When Larry Bannerman was a kid, he and his friends used to go crabbing in a cove off Bear Creek, a tidal tributary of the Patapsco River that bordered their Baltimore County neighborhood.Isaac Hametz (right), of the landscape design firm Mahan Rykiel Associates, reviews park upgrade plans with (from left) Doug Myers of the Chesapeake Bay Foundation and Larry Bannerman and Gloria Nelson of the Turner Station Conservation Teams. (Dave Harp)

That was more than five decades ago. These days, you almost need a machete to reach the water at Fleming Park in Turner Station, a historically African-American community southeast of the city, just inside the Baltimore Beltway. Other than a pier jutting out into the creek at one spot, the rest of the shoreline is walled off by dense stands of phragmites. The invasive wetlands grass obscures some wooden pilings, all that remains of a boardwalk that once skirted the water.

“We’d come down here in the morning and by lunchtime we’d have a bushel of crabs,” he said. “Right over there, there was a boathouse,” he recalled, pointing toward Clement Cove on the north side of the park. “They used to have dances and everything when we were little.”

Today, community leaders hope to reclaim their waterfront access and enhance the park, using a material that’s historically been shunned by other communities — sand and silt dredged from the shipping channels in Baltimore’s harbor.

“I’d like a boardwalk and the shoreline enhanced, where we can get back on the water,” said Gloria Nelson, president of the Turner Station Conservation Teams, recently as she and Bannerman, chairman of infrastructure, traffic and safety for the group, walked around the 16-acre park and talked about the plan for giving it a makeover.

With design help from Mahan Rykiel Associates, a landscape architecture firm, they propose to use sediment pumped in from the harbor bottom to transform the reedy, rocky shoreline into a marsh that would support native vegetation, waterfowl and other wildlife. They also want to use some of the dredged material in a playground in the park, to give children some low mounds to run up and down.

Lucidity Information Design LLC“Essentially, you don’t have a waterfront park here because you don’t have access to [water],” said Isaac Hametz, Mahan Rykiel’s research director, who’s working with the community on the plan — which has the support of a host of public agencies, area companies and the nonprofit Chesapeake Bay Foundation.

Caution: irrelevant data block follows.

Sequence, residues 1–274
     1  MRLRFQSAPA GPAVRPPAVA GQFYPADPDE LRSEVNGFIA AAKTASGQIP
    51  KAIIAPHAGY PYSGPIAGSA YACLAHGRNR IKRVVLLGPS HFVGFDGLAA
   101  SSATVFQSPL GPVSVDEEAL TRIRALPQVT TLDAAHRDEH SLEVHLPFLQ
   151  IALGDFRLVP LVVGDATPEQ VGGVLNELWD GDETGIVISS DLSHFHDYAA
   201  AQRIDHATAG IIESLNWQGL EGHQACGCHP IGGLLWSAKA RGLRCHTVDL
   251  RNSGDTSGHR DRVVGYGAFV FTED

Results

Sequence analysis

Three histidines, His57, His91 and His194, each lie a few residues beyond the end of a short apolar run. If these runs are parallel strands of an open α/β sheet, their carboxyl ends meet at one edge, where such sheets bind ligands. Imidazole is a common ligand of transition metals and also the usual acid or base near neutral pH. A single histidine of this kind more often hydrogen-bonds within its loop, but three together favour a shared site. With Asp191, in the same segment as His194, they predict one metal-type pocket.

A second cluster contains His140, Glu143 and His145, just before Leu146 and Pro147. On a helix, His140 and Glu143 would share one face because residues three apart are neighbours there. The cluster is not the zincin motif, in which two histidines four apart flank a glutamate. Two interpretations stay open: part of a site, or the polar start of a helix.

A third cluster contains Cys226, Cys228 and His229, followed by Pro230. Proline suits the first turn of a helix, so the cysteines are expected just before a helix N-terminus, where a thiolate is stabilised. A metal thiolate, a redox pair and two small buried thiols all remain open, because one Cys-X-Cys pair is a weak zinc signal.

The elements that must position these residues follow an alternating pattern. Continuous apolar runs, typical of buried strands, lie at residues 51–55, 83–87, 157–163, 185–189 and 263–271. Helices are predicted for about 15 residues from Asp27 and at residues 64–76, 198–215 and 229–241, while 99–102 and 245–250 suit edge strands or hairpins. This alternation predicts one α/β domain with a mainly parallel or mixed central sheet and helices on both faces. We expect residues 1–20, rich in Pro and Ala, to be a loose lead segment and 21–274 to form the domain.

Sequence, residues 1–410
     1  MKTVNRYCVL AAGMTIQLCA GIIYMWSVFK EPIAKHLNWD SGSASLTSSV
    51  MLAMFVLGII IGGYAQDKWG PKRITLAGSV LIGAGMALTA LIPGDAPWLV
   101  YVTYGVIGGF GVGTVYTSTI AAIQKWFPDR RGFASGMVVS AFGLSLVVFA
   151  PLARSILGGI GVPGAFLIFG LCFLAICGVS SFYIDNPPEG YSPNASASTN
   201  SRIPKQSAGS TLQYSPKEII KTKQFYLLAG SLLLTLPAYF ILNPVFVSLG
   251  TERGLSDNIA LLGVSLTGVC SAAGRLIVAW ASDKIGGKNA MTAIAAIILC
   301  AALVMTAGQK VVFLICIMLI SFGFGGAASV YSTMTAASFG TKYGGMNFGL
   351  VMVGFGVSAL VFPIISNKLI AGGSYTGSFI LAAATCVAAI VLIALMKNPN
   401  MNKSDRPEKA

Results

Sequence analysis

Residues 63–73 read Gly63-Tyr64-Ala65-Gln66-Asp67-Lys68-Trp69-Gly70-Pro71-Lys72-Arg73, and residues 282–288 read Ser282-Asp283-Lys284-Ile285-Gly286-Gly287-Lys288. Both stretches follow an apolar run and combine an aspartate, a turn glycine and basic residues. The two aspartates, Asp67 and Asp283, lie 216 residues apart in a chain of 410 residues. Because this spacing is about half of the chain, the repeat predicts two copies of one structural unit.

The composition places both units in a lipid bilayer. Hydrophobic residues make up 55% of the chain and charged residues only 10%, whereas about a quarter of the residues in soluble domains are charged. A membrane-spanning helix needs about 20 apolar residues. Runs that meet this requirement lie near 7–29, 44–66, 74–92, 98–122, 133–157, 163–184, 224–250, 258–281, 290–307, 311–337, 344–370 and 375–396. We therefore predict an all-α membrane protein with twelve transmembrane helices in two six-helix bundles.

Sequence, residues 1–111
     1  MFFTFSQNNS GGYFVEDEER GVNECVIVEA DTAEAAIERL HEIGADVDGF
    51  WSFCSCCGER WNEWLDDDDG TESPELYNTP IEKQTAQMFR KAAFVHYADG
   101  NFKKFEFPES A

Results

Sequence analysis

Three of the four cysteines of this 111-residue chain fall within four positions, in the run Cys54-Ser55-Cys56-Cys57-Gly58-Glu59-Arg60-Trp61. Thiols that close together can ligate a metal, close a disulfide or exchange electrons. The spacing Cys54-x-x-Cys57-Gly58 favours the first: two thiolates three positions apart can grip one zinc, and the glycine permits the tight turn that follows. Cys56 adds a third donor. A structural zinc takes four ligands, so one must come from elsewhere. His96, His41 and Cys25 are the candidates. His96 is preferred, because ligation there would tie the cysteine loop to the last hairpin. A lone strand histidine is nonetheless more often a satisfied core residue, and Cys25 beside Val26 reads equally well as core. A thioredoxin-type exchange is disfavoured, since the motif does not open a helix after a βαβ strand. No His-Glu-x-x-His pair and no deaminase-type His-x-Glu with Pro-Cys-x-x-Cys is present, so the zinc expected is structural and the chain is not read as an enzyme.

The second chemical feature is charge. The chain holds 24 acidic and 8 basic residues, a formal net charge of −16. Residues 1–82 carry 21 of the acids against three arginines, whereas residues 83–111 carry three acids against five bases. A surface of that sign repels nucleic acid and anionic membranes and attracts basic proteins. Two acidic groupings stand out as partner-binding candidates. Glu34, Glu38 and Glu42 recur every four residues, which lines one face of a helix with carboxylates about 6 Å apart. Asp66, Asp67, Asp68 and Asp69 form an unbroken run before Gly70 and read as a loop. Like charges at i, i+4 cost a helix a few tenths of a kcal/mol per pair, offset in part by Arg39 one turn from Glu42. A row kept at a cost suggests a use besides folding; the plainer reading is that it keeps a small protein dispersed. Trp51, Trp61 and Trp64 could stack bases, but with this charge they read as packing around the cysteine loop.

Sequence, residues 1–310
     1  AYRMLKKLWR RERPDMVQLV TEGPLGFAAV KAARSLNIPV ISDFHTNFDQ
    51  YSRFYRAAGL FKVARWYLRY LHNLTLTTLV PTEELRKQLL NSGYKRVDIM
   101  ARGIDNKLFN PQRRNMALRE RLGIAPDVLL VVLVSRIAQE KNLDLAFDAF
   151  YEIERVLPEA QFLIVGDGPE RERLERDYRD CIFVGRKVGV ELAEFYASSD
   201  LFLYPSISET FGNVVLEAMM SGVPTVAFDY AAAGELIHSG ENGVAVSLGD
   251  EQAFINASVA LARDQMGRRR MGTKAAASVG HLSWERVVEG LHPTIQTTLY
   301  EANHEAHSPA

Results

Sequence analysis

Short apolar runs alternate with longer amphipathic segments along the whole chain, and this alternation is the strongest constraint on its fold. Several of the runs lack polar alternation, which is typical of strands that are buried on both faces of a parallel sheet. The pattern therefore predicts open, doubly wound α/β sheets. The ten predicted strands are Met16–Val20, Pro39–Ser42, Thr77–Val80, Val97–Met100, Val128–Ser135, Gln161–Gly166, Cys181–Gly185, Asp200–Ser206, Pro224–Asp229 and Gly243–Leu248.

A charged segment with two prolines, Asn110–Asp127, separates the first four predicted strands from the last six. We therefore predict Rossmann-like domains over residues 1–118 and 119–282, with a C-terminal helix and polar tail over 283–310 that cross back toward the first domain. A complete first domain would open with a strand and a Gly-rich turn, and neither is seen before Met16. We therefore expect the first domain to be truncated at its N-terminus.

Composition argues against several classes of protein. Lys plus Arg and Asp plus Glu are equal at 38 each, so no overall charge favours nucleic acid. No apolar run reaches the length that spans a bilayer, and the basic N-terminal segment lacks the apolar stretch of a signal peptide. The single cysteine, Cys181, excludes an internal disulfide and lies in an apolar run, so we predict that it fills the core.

If the community and its partners can secure the funding and regulatory approvals needed for the proposed park upgrade, it would mark the first time that material dredged from the harbor’s bottom has been placed back on land in a residential neighborhood — and in this case, at the residents’ request.

That level of acceptance has been a long time coming. The Maryland Port Administration has been toiling for decades to melt public resistance to placing the harbor’s dredged material on land anywhere near people. Part of that hostility has been sensory — the muck can give off a rotten-egg sulfur smell when it first comes out of the water. But there’s also been concern about contaminants from two centuries of shipbuilding and manufacturing along Baltimore’s waterfront.

It took the port 14 years to overcome lawsuits and public opposition to using dredged material to create Hart-Miller Island, which sits out in the Bay just off the Baltimore County shore. The port now has approval to place harbor material in a pair of diked containments at Masonville Cove in industrial southern Baltimore and at Cox Creek, near the mouth of the Patapsco.

Masonville Cove was a precedent of sorts. The port won the nearby community’s approval to use dredged material by pledging to reclaim what had once been a recreational beach used decades ago by residents. Port contractors removed tons of debris and contaminants along the shoreline, then created a waterfront nature park with an environmental education center. But unlike the Fleming Park plan, Masonville Cove is physically separated from Curtis Bay by busy highways and rail lines. It’s reachable only by vehicle and has limited hours for use by the public.